new-zealand

Hobbit home tour gears up for your totally expected journey to New Zealand

Dec. 13, 2012 at 11:53 AM ET

Image: Sarah McGraw at Hobbiton Tours
Alan Boyle / NBC News
Gardener Sarah McGraw spruces up one of the 44 hobbit homes built into the hills of a New Zealand sheep farm for "The Hobbit" movie – and for Hobbiton Tours.

HOBBITON, New Zealand – Like the "Lord of the Rings" saga, the tale of the Hobbiton Movie Set Tour has grown in the telling. And like this year's most famous hobbit, Bilbo Baggins, the folks behind the tour are scrambling to prepare for much more company.

The tale began in 1998, when "Lord of the Rings" director Peter Jackson was looking for a New Zealand locale suitable to serve as the home for Bilbo, Frodo and the other 3-foot-6, hairy-footed characters from J.R.R. Tolkien's saga.

Ian Alexander's 1,250-acre sheep and cattle farm near Matamata fit the bill, and construction workers turned the place into the pastoral Shire, complete with dozens of hobbit holes. The set was mostly dismantled after the filmmakers were finished; nevertheless, one of Ian's sons, Russell Alexander, started taking "Lord of the Rings" fans on walking tours in 2002.

Fast forward to 2011: Jackson had the set rebuilt for the new film trilogy based on "The Hobbit," and partnered with the Alexander family to preserve the set after the filming was done. This time, the structures have been built with solid wood and stone rather than plywood and styrofoam. There's a sturdy stone bridge and a mill, a Shire-worthy pond frequented by swans, and a fully operational pub.

About 250,000 visitors have been on the tour over the past decade. But now that the first movie of the trilogy, "The Hobbit: An Unexpected Journey," is coming out, the operation is gearing up to accommodate 150,000 tourists in the next year. This month, the 105-minute Hobbiton Movie Set Tour will be departing from the Shire's Rest Cafe on the farm not just every half-hour, but every 15 minutes.

Image: Russell Alexander
Alan Boyle / NBC News
Russell Alexander: "I'm not a mad fantasy person by nature."

"It's been an unexpected journey," said Russell Alexander, who is now the general manager of the increasingy busy tourist operation. "I'm not a mad fantasy person by nature. I'm pragmatic."

What you see
The tour costs a pragmatic $75 in New Zealand currency ($63 U.S.), but I'd say we got our money's worth in the mad fantasy department.

We rode a bus down to the trailhead for a broad path that took us through the place where Gandalf set off fireworks for hobbit boys and girls in "The Fellowship of the Ring." Then we wound our way past the hillside where Bilbo lived at Bag End. (Sorry, no entry allowed, even if you're a wizard. You can go inside only one of the hobbit holes on the tour, and the interior of that one is just bare wood.)

Our tour guide told us about the photogenic oak tree that was found on a nearby farm, cut into pieces and reassembled as a movie prop on top of Bag End. Today the tree is totally fake, with plastic leaves that occasionally drop onto the grass around the hobbit hole. (It's OK to pick them up as impromptu ... and free ... souvenirs.)

Image: Hobbiton
Alan Boyle / NBC News
Tourists walk along the trails at the Hobbiton Movie Set Tour in New Zealand. Bag End is at the top of the hill, with an artificial oak tree rising into the air. Part of the site's giant Party Tree can be seen spreading out on the right side of the frame.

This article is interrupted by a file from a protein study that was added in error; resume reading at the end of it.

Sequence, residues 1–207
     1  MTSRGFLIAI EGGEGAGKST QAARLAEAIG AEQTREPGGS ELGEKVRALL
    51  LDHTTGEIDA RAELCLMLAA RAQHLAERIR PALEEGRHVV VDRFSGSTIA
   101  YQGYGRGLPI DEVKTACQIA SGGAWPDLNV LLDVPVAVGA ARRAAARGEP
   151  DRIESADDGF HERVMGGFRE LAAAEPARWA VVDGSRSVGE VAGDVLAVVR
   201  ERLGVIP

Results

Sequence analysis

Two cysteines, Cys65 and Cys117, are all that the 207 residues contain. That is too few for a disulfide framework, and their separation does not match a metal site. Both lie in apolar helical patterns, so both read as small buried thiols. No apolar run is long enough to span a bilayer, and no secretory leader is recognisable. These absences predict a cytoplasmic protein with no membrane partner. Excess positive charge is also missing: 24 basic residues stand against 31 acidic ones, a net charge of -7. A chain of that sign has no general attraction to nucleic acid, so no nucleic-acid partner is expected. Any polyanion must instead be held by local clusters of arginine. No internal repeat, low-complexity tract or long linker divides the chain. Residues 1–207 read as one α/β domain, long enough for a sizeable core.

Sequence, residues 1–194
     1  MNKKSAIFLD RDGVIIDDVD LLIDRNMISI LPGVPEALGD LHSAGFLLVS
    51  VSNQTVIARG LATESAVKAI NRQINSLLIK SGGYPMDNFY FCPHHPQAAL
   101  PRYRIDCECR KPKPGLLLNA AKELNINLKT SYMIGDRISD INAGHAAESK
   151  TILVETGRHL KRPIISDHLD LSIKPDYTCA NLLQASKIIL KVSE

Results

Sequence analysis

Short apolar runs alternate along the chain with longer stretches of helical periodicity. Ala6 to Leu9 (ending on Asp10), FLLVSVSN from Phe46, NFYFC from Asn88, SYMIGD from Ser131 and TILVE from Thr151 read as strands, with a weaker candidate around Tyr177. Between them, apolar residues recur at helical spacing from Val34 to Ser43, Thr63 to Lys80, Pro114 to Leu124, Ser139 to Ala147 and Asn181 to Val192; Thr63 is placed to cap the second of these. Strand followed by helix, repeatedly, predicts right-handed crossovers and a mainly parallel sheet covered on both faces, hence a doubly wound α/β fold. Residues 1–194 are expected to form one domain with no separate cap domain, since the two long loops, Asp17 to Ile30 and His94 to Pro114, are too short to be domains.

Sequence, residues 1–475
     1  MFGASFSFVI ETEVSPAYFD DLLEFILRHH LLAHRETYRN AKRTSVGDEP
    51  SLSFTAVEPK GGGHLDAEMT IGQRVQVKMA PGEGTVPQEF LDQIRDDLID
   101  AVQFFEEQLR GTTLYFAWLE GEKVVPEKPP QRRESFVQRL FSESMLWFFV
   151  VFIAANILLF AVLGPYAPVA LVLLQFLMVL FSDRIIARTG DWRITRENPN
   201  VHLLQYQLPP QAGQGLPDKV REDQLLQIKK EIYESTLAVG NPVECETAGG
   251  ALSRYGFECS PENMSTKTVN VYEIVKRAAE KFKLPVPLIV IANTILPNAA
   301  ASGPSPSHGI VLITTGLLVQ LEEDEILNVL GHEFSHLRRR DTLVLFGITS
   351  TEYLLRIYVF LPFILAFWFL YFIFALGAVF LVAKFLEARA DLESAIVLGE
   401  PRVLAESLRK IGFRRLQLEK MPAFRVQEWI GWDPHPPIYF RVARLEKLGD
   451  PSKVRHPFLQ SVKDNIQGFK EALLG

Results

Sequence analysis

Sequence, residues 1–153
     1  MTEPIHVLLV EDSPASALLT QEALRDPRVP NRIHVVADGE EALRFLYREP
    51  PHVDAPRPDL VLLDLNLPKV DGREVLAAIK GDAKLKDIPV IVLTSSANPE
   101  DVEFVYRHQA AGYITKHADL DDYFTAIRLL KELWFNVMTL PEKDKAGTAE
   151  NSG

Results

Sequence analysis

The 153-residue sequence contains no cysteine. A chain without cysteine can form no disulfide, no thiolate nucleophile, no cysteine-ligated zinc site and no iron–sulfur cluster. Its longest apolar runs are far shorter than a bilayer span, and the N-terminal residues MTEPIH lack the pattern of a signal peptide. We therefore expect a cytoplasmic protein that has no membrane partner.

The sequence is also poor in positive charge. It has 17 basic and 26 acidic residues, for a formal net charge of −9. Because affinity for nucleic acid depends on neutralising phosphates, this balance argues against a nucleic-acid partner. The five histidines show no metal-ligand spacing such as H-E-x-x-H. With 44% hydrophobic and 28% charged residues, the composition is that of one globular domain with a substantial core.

Fortunately, the wide-spreading Party Tree is 100 percent natural. In fact, Jackson saw that tree as the biggest selling point when he chose the farm. Over the past couple of years, landscapers have cuted up the site's 44 hobbit holes with plenty of homey touches – including miniaturized gardens, lawn furniture, implements and even clotheslines. (That should appeal even to folks who would pass up Tolkien's tales for a look at Better Homes & Gardens.)

The piece de resistance is the Green Dragon, the last stop on the tour, which has just been built up to look like Frodo Baggins' favorite pub. Each member of the tour group gets to taste the "refreshing beverage of their choice," Hobbiton spokesman Ian Brodie says. There are two types of ale (bitter and traditional), an alcoholic apple cider and a non-alcoholic ginger beer.

Slideshow:New Zealand: The real Middle Earth

Raise a mug to toast the end of your adventure, then get on the bus to head back to Shire's Rest. At the cafe, you can get a light meal and have a swig of SobeRing Thought, the near-beer that was developed for use on the "Lord of the Rings" set so the actors wouldn't get tipsy. You can also give in to your lust for "Hobbit" treasures at the gift shop next door. (A silver ring of power for $190? We wants it!)

What's in store
The $75 price applies to adults who book directly through the website or in person. You can ride a transfer bus from Matamata or Rotorua to Shire's Rest, or drive directly to the site (as we did) and pick up the tour. Some tour companies offer packages -- at a higher price -- that take in Hobbiton as well as other stops. These excursions typically involve a bus trip from Auckland or the Tauranga cruise terminal.

Hobbiton Tours can also arrange overnight stays at farms near the movie set, at prices ranging from $110 per person (for three at a B&B) to $165 for a single visitor looking for dinner and breakfast as well as a place to stay. (A hobbit-style second breakfast is apparently not included.)

There are rumors that more ambitious plans are in the works, perhaps including accommodations at the Green Dragon itself. On that point, Alexander is as silent as a Black Rider. But he promises that Hobbiton's tale will continue to grow in the telling.

"There'll be something new here every year," he said.

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